Thomas R. Marshall, the U.S. vice president, visited. Senators came to visit sons in the division and governors, like South Carolina’s Richard Irving Manning, showed up to visit the contingents from their state.
On Oct. 15, 1917, Manning reviewed the 117th Engineer Regiment, whose 1st Battalion was from his state National Guard.
Three days later the 117th Engineer Regiment was boarding a ship as the 42nd Division headed for France from New York City.
The Regular Army’s 1st Division had arrived in France in June 1917 and the 2nd Division—composed of a brigade of Regular Army soldiers and a brigade of United States Marines—had landed in France in August 1917.
The 42nd Division was not-as had been expected—the first of 17 National Guard divisions to deploy to France. That honor went to the 26th “Yankee” Division composed of National Guard soldiers from New England.
The 42nd Division was the fourth American division to depart for France.
At 2 a.m. on the morning of Oct. 17, 1918, the first contingent of the division, the 117th Trench Mortar Battery from the Maryland National Guard and the second battalion of the 166th Infantry Regiment of the Ohio National Guard left Camp Mills for Hoboken, New Jersey.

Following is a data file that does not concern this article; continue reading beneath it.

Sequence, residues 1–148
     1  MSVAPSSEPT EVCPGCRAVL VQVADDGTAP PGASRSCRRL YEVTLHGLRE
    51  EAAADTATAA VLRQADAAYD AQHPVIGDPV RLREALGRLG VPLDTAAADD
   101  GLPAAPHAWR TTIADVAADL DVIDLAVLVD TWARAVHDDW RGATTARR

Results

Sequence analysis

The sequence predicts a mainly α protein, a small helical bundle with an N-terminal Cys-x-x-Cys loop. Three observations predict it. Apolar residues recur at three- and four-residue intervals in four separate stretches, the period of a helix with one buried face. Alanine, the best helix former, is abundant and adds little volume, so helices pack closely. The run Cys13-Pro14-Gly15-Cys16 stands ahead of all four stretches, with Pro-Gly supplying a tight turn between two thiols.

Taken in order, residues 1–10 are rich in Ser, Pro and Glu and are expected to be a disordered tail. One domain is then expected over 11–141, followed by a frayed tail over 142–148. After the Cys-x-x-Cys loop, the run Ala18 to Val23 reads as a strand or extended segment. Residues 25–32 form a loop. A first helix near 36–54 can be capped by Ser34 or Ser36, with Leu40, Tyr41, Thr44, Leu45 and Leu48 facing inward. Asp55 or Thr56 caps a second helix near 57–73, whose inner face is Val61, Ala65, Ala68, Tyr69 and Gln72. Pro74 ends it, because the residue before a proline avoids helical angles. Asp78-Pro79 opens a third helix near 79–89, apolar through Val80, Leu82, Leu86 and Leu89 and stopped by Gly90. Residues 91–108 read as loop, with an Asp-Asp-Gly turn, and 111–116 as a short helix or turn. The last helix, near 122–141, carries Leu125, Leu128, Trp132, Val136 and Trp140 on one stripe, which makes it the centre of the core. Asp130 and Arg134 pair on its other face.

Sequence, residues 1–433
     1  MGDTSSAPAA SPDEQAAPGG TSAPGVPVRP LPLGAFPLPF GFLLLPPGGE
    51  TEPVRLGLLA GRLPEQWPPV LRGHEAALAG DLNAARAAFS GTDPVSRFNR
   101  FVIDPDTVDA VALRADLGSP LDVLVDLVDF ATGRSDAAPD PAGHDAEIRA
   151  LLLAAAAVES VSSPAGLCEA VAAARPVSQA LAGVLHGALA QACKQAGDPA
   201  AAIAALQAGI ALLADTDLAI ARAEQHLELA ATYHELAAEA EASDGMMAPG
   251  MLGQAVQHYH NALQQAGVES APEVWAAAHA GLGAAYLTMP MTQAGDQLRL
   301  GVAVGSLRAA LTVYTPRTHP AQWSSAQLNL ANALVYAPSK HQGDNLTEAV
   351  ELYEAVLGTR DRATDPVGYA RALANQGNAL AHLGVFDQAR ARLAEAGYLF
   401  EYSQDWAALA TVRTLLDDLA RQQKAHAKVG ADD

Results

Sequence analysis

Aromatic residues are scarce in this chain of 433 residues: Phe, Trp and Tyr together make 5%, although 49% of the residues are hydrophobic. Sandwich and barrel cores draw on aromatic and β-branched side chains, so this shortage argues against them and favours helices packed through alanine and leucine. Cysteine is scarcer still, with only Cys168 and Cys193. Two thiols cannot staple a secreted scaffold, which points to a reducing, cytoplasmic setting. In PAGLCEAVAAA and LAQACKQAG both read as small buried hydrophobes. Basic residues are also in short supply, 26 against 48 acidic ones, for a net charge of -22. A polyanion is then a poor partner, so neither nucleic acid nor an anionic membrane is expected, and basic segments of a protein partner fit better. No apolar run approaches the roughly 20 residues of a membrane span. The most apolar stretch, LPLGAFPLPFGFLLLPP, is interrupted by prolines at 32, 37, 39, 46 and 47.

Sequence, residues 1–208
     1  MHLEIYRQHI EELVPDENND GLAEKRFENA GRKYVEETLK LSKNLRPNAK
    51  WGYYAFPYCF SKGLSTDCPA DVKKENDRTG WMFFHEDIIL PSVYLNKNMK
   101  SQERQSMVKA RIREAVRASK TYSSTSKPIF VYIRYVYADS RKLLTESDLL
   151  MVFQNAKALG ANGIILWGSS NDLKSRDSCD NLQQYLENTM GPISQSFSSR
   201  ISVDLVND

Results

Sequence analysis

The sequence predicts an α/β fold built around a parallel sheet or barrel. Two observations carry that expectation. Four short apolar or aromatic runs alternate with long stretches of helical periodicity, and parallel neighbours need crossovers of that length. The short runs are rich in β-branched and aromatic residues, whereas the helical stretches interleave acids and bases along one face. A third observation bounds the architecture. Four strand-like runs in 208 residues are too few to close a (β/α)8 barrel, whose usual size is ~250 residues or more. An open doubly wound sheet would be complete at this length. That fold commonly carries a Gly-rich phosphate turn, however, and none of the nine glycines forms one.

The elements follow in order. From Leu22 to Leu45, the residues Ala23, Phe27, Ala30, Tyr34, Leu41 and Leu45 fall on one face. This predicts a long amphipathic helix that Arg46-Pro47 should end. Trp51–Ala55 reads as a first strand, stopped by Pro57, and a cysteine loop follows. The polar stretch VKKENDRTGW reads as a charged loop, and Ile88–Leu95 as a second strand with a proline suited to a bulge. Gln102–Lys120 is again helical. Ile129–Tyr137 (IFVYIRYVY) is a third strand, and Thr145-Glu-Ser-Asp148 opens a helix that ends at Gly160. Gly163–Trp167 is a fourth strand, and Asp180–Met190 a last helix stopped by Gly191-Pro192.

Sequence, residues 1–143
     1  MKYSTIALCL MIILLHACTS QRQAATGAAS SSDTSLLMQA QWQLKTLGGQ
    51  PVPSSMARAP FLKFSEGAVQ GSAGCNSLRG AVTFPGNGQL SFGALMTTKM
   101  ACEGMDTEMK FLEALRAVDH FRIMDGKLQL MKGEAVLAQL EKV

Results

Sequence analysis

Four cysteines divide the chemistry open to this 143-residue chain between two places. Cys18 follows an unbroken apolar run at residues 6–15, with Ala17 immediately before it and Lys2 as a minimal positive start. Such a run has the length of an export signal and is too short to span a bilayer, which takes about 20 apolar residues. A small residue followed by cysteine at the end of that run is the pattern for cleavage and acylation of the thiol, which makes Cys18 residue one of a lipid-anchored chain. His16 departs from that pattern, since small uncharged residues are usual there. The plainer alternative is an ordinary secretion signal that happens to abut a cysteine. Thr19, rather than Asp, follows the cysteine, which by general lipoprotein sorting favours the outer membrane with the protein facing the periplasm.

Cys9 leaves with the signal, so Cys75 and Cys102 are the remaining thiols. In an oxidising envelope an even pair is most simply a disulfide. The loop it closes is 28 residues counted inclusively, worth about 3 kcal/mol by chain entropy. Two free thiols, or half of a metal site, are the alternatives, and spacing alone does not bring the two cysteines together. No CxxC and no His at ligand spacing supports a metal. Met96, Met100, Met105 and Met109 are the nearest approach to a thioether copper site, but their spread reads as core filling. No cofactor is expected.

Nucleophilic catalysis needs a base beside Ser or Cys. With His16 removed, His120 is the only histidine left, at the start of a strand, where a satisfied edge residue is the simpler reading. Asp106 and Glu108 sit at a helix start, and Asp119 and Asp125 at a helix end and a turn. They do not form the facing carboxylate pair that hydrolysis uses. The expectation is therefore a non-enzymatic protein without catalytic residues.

That night a six-ship convoy left New York harbor bound for France. The voyage took two weeks.
The ships were blacked out to prevent a German submarine from spotting them, and soldiers were crammed into every corner of the ship. Three days out the S.S. President Grant, carrying the Iowa National Guard’s 168th Infantry Regiment, vanished.
The rumor was the ship had been torpedoed. The reality was more prosaic. The ship had developed engine trouble and gone back to port.
At dusk on Oct. 31, the five ships remaining in the convoy entered the port of St. Nazaire.
New York’s 165th Infantry Regiment would take a more roundabout way in its convoy to France.
The regiment’s 1st battalion took a train to Montreal, Canada the night of Oct. 25, 2017. At Montreal the soldiers boarded the S.S. Tunisian on Oct. 27, which took them to Southampton, England.
The New Yorkers took a train across Britain and then took a ferry across the English Channel to Le Havre, France.
The regiment’s 2nd and 3rd battalions sailed from New York City on Oct. 29 aboard what had once been the German passenger liner “Amerika.” The men passed their time playing cards and singing.
“If there is left in the Atlantic a mermaid who cannot now sing “Over There,” “Goodbye Broadway, Hello France,” “Mother Macree” and “New York Town,” it is not the fault of the 69th New York,” noted Sgt. Joyce Kilmer, a New York Times correspondent and poet who served in the regiment’s intelligence section.
Once in France the division’s soldiers were loaded in French box cars known as “40 and 8s” because they could carry forty men or eight horses, and transported to Vaucouleurs, France.
By December 1917 all the division’s elements were in one place again, including the Iowans who had been on the President Grant, and the division was ready to train for war.
During the World War I centennial period the New York State Division of Military and Naval Affairs will be issuing a series of history articles based on information provided by the New York State Military Museum in Saratoga Springs, N.Y.